Fire risk perpetuates poverty and fire use among Amazonian smallholders

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Forest fires exacerbate carbon emissions, threaten biodiversity and cause welfare losses to local populations. Most fires accidentally ignite from mismanaged swidden and pasture fires. We provide evidence that fire risk in the Brazilian Amazon, the world's largest remaining tropical forest, perpetuates low yield and environmentally degrading agricultural activities. Using a combination of household interviews and remotely sensed data on fire occurrence in Eastern Amazon municipalities of Paragominas and Santarém, we show that smallholders in consolidated farm-forest frontier regions are locked into a vicious cycle that inhibits their adoption of fire-free practices. Households that invest in more capital-intensive fire-free agricultural technologies experience greater revenue losses from escaped fires than non-fire users. Changes in revenues are as sensitive to these fire impacts as they are to changes in physical capital investments. To overcome this fire-poverty trap, a “big push” of coordinated local incentives is needed. Policies mitigating fire risk may achieve a triple-win that reduces greenhouse gas emissions, forest degradation, and fosters inclusive economic development.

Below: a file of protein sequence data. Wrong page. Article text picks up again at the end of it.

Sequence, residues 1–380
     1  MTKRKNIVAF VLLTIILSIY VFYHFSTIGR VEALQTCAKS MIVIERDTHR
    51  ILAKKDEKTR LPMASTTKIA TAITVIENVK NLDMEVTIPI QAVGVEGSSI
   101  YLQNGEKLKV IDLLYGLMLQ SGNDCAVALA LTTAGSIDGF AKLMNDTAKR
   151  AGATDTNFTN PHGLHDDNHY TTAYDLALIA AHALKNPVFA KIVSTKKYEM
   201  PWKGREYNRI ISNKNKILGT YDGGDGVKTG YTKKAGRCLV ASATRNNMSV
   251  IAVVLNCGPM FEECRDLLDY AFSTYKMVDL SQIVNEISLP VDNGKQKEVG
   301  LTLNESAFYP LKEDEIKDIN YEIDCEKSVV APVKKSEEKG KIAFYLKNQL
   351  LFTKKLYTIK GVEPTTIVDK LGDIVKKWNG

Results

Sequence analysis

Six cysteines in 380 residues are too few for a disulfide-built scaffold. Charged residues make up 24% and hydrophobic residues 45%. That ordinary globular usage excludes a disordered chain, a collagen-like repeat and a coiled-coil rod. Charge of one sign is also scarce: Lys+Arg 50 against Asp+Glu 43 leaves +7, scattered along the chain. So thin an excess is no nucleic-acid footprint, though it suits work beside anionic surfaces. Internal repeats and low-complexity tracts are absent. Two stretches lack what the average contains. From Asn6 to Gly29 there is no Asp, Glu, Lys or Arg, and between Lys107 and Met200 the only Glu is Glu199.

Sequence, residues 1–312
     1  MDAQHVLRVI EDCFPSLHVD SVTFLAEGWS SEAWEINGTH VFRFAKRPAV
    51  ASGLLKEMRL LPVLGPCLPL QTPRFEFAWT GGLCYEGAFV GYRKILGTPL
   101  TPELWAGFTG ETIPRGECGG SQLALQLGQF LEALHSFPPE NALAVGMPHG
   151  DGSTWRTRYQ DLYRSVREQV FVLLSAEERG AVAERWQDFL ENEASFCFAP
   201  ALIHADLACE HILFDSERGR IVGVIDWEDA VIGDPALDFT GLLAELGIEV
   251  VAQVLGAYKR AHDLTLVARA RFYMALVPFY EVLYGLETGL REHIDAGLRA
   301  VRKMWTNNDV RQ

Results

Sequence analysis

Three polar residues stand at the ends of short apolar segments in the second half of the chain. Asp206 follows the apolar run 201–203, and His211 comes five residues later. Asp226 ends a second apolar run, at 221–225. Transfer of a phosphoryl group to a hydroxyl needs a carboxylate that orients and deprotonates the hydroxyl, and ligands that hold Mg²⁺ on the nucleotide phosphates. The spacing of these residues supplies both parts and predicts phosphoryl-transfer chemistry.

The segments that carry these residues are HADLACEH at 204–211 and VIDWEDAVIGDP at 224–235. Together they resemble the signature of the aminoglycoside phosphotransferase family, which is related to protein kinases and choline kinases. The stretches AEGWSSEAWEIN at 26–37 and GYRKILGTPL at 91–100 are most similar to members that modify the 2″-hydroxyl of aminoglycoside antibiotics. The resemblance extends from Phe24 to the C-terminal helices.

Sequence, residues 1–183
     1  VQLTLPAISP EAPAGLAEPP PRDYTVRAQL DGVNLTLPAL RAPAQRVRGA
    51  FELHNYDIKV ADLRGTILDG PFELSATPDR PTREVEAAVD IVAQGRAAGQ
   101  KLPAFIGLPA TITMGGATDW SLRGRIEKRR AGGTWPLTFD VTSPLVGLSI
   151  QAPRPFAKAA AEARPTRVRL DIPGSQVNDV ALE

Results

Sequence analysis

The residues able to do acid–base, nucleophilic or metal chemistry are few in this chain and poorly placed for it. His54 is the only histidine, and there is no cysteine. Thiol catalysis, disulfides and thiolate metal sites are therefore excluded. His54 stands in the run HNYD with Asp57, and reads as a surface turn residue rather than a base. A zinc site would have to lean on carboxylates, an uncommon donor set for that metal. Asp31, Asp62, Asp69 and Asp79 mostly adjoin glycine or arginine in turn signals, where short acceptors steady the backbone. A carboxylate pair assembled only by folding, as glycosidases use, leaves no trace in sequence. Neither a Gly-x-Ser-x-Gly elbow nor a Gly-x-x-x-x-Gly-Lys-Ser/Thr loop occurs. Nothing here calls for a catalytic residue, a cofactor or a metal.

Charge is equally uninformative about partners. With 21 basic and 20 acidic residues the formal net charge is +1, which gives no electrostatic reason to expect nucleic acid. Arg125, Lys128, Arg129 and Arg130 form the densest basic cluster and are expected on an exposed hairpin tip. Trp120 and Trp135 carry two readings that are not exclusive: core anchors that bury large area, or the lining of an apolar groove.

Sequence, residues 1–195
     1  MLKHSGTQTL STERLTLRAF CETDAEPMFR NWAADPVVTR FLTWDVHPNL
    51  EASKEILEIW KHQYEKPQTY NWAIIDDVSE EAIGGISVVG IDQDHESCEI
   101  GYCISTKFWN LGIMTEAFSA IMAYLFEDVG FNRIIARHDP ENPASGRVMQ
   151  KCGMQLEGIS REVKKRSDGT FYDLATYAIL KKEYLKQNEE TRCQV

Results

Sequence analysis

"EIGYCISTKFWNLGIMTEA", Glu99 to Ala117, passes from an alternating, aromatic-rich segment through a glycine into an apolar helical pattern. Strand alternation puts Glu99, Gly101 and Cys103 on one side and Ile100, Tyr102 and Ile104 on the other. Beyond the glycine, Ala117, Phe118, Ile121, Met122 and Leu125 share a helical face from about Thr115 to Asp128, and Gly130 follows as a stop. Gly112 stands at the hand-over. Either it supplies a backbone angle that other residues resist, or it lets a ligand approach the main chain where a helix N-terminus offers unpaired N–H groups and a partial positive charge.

Cammelli, F., Garrett, R. D., Barlow, J., & Parry, L. (2020). Fire risk perpetuates poverty and fire use among Amazonian smallholders. Global Environmental Change, 63.

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